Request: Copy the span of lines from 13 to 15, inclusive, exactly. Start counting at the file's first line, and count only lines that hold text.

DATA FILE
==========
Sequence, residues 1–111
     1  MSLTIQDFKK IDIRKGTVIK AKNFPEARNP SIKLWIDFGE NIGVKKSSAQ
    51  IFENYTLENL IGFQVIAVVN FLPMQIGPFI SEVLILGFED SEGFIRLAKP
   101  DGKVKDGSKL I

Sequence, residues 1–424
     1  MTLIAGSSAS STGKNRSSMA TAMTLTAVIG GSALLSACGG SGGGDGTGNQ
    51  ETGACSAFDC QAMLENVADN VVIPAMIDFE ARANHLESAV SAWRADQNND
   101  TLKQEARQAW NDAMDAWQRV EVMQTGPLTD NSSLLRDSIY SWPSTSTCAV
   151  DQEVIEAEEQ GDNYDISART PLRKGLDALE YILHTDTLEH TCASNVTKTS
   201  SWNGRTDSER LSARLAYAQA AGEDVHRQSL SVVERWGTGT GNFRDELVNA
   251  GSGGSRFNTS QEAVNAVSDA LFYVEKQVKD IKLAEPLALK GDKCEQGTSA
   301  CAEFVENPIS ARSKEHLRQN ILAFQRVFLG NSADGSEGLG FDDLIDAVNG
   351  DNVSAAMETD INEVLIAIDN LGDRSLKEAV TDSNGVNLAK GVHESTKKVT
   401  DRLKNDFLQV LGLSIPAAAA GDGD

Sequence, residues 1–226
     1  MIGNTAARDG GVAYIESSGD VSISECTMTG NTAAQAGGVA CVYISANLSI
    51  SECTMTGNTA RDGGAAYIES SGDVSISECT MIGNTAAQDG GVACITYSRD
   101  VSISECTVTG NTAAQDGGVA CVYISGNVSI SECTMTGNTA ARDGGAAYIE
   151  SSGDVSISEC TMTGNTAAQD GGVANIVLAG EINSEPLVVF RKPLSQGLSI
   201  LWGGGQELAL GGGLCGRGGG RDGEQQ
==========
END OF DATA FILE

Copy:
   351  DNVSAAMETD INEVLIAIDN LGDRSLKEAV TDSNGVNLAK GVHESTKKVT
   401  DRLKNDFLQV LGLSIPAAAA GDGD

Sequence, residues 1–226